To open the door for free access -- agents in locker rooms, agents in dorm rooms -- that just makes me shudder. This would just invite in what's already the biggest problem in our sport.
”-- NABC president Jim Haney
Mix in the Reggie Bush/O.J. Mayo payola that landed USC on the wrong side of NCAA sanctions and you have evidence of the systemic problem assaulting college sports.
Allowing athletes to have any sort of permissible contract with agents, many people argue, is going to invite more illegal payments, not prevent them.
"You sign a kid and someone else is trying to get him," Haagen said. "Now that kid has a bad game, he's playing out of position, the coach is yelling at him. He's mad at you. He wants to go with someone else, so you have to intervene inappropriately -- even though you know it's inappropriate -- or you're going to lose a competitive position to another agent."
In order to preserve any semblance of amateurism ("Having an agent has been viewed as historically highly inconsistent with the concepts of amateurism," Rogers said), it's almost impossible to imagine the NCAA ever allowing any cash exchange, at least legally.
"While the NCAA wholly supports student-athletes getting complete information," said interim president Isch, "the membership is not likely to change its opposition to student-athletes receiving benefits from agents and advisors."
Consequently an agent would only see a profit if his or her player became a pro, which some fret could lead to problems even graver than under-the-table payments.
Many coaches already describe the relationship with their players' agents as antagonistic and expect this would only make it worse as the two sides vie for what they each need out of one player.
"We have situations where, when the season is over, agents are advising their players not to play in all-star games," Haney said. "Kids say all the time, 'My agent won't let me play. He's afraid I might get hurt.'
"Well what's to stop an agent from telling a kid he can't play in a real game? Or to tell a coach he needs to get his player more shots or more playing time? How do we stop that from happening?"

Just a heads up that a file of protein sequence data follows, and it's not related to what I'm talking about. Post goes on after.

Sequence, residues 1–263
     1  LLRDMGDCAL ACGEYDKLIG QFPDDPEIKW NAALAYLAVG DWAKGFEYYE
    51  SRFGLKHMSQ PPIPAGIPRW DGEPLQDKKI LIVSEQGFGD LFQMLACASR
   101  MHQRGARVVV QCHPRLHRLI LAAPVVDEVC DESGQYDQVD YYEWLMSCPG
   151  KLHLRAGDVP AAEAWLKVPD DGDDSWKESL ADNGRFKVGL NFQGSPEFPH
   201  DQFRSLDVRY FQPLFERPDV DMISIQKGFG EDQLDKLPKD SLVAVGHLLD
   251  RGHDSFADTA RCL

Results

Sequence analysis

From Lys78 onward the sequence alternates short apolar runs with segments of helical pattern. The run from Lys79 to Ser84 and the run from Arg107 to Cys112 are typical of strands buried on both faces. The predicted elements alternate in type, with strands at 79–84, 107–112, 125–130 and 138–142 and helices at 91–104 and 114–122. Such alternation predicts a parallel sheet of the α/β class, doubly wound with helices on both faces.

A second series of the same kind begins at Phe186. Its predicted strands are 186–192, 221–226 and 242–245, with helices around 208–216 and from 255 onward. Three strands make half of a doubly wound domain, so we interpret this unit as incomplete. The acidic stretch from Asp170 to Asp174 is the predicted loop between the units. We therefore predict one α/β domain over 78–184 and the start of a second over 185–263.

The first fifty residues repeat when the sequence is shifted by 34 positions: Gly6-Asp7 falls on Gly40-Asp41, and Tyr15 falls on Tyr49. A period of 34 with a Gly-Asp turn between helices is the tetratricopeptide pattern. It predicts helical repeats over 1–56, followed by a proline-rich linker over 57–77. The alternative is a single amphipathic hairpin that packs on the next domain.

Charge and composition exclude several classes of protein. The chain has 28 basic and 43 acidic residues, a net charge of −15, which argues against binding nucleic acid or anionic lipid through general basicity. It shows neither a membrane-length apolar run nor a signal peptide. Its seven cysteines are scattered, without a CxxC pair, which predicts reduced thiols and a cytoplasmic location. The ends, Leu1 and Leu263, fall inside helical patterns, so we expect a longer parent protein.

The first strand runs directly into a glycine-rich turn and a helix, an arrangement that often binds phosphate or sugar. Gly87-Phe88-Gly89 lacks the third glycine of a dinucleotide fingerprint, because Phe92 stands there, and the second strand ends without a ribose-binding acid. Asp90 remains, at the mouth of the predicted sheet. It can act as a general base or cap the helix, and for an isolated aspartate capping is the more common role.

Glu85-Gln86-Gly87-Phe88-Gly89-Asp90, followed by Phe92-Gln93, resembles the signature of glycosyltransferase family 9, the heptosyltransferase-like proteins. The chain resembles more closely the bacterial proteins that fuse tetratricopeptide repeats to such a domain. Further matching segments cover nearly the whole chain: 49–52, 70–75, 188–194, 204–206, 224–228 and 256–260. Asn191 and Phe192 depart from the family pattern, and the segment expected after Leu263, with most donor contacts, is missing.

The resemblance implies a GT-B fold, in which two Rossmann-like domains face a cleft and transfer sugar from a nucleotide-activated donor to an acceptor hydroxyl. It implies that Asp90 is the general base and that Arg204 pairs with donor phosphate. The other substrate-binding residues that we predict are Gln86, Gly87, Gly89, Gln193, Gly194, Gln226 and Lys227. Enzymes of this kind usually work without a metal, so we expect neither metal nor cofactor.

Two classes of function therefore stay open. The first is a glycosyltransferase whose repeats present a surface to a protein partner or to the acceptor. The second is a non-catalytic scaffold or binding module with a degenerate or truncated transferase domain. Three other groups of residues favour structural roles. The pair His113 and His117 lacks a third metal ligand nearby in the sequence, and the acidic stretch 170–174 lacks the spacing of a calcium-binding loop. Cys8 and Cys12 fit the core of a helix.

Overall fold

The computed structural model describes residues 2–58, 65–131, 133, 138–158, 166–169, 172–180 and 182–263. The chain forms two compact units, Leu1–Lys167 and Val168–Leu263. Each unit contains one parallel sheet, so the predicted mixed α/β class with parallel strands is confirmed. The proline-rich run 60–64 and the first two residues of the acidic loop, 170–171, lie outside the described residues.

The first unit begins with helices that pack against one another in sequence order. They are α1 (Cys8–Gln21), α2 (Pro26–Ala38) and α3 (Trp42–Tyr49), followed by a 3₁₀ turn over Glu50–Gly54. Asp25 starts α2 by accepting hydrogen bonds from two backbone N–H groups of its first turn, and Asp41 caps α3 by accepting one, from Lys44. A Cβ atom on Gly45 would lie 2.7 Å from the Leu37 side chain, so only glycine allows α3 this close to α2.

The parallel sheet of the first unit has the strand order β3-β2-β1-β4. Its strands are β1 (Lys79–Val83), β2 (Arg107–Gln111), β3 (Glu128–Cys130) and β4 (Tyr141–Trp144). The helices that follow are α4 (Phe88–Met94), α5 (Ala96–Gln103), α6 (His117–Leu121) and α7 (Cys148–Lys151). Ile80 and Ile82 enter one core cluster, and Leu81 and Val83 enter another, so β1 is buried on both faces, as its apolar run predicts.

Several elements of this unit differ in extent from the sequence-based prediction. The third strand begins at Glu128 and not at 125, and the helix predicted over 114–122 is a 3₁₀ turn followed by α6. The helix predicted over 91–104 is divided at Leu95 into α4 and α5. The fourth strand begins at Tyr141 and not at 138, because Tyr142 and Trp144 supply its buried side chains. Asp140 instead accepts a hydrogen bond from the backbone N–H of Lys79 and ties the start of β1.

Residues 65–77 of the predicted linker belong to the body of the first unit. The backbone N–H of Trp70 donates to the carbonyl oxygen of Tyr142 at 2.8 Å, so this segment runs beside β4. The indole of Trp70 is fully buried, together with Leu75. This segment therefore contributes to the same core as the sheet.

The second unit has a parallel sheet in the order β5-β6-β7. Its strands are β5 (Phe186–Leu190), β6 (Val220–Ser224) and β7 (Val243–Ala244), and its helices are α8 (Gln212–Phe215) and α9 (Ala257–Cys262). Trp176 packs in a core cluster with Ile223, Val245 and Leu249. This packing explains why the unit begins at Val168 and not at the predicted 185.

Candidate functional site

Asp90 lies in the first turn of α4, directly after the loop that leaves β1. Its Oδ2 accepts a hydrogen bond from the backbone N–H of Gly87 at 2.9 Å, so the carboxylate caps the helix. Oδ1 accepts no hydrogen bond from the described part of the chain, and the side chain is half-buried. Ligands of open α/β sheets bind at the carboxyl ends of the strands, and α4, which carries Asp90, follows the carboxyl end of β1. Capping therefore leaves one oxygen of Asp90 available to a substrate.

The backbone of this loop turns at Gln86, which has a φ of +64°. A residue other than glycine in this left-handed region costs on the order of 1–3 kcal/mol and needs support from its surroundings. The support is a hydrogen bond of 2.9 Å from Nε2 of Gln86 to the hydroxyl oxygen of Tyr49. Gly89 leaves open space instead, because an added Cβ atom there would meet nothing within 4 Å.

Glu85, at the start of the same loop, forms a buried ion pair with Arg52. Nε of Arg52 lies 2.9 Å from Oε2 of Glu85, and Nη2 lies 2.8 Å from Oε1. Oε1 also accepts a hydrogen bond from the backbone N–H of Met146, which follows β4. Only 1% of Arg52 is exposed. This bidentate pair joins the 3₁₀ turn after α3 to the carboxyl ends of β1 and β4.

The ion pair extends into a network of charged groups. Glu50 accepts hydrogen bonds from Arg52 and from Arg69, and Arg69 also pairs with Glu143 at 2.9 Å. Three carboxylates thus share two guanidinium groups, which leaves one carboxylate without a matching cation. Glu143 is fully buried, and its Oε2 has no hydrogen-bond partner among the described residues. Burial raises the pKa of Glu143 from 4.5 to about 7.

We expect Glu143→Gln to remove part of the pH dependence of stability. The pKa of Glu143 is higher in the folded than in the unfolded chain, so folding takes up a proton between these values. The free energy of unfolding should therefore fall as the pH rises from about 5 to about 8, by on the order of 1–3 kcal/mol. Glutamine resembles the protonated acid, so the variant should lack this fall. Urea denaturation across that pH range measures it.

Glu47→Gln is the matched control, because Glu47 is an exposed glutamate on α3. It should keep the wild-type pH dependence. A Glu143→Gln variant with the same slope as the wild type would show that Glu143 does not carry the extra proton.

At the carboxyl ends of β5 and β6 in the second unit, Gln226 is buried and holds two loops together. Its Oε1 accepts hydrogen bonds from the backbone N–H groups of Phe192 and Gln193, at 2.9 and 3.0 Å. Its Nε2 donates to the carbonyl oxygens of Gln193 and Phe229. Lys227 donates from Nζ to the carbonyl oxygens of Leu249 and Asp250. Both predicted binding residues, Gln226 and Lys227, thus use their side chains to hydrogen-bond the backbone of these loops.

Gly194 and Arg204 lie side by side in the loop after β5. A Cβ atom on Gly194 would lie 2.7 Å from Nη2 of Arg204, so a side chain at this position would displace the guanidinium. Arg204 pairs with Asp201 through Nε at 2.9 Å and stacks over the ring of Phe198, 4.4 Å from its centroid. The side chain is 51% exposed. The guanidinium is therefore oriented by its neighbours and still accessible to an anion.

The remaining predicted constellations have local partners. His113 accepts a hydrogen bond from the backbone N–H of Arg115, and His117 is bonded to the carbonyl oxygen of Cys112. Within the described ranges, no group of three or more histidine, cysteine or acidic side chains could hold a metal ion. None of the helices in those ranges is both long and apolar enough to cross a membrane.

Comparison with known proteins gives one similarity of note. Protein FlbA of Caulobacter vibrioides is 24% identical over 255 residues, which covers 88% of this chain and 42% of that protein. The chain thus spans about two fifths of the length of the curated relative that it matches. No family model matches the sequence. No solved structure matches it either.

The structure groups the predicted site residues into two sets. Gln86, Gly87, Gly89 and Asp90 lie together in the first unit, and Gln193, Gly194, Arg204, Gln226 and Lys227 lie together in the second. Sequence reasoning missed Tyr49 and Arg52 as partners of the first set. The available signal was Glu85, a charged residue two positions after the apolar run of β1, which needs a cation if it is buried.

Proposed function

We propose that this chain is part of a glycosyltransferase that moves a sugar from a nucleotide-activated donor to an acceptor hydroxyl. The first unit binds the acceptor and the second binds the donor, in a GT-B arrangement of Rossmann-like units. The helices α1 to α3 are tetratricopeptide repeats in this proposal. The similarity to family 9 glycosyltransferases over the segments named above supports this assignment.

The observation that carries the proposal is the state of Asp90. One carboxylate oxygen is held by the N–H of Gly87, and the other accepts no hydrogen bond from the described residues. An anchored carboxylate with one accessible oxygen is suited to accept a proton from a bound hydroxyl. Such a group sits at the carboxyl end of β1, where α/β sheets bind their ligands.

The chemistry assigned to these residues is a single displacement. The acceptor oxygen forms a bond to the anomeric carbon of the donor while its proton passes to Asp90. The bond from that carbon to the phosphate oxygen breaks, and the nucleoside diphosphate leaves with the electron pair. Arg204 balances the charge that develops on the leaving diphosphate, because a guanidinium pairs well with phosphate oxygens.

This could, of course, be a whole lot of hand-wringing about nothing.
The Amateur Cabinet won't convene again until September and even those who disagree agree on one thing -- there is still a lot more information to be gathered and particulars to work out.
"There's so much to talk about -- from student-athlete welfare helping them make informed decisions, to benefits from an agent, to oral and written agreements and the timing of the access," Newman-Baker said. "I really don't know quite frankly where this will go. There are a lot of opinions and the first step is to vet through them and figure out where everyone stands on this issue and get honest feedback."
That shouldn't be difficult.
Haney already has promised to make this part of the NABC's board meeting at the end of August and football media days have been dotted with rhetoric and opinion on the subject.
In the pro corner: "There would have to be folks a lot smarter than I am look at the ramifications," conceded Beebe, who is in favor of agents for college athletes. "But if I'm a coach or an administrator at a school, I'd rather know who I'm dealing with."
And for the opposed: "Maybe I'm missing something here," Boeheim said. "But I can't figure out how this could ever be a good idea."
The word is only just starting to spread and already the first shots have been fired over the bow.
Expect more fireworks to come.
ESPN.com senior write Pat Forde and ESPN.com college writer Mark Schlabach contributed to this story. Dana O'Neil covers college basketball for ESPN.com and can be reached at email@example.com.